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The Performance of Economics Graduates over the Entire Curriculum: The Determinants of Success

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  • Kurtis J. Swope
  • Pamela M. Schmitt
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    Abstract

    Most studies of the determinants of understanding in economics focus on performance in a single course or standardized exam. Taking advantage of a large data set available at the U.S. Naval Academy (USNA), the authors examined the performance of economics majors over an entire curriculum. They found that gender was not a significant predictor of grade point average in economics courses, but grades of male minority students were lower than their counterparts'. The USNA dataset also provides information on Scholastic Aptitude Test scores and personality variables, allowing exploration of their influence on performance. Students characterized as "judging types" (described as decisive, organized, and self-regimented) generally performed better than did students characterized as "perceiving types" (described as curious, adaptable, and spontaneous).

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    File URL: http://hdl.handle.net/10.3200/JECE.37.4.387-394
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    Bibliographic Info

    Article provided by Taylor & Francis Journals in its journal The Journal of Economic Education.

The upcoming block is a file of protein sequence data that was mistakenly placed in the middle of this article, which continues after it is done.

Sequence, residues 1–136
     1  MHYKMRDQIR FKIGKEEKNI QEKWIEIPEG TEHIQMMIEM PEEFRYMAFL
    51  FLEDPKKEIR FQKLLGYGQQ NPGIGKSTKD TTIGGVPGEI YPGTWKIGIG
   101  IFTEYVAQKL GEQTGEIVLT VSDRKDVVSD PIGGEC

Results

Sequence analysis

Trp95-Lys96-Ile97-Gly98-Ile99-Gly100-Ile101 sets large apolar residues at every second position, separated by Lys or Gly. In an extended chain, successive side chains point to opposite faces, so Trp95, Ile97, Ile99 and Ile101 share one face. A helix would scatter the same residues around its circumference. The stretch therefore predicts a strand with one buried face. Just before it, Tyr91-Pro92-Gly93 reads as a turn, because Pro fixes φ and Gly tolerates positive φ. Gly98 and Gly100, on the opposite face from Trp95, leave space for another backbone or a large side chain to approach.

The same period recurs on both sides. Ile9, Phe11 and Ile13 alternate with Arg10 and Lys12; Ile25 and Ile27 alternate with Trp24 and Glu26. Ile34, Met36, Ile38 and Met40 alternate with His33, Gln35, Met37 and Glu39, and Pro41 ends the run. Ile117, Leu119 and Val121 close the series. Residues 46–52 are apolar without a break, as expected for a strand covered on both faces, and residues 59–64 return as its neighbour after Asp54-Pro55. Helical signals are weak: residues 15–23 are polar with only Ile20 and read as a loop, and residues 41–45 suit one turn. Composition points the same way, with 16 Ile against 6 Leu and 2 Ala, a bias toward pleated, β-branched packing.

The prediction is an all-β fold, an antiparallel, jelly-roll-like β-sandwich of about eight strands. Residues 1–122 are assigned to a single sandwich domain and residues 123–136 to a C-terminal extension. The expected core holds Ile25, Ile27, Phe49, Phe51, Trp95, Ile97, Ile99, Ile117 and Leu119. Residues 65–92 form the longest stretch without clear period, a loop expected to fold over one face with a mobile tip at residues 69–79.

Volume (Year): 37 (2006)
    Issue (Month): 4 (October)
    Pages: 387-394

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    Handle: RePEc:taf:jeduce:v:37:y:2006:i:4:p:387-394

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    Cited by:
    1. Carlos J. Asarta & Roger B. Butters & Andrew Perumal, 2013. "Success in Economics Major: Is it Path Dependent?," Working Papers 13-11, University of Delaware, Department of Economics.
    2. Lee E. Erickson & Patricia A. Erickson, 2013. "Predicting Student Performance Using Online One-Minute Papers," Journal for Economic Educators, Middle Tennessee State University, Business and Economic Research Center, vol. 13(1), pages 6-13, Fall.
    3. Carlos J. Asarta & Roger B. Butters & Eric Thompson, 2013. "The Gender Question in Economic Education: Is it the Teacher or the Test?," Working Papers 13-12, University of Delaware, Department of Economics.

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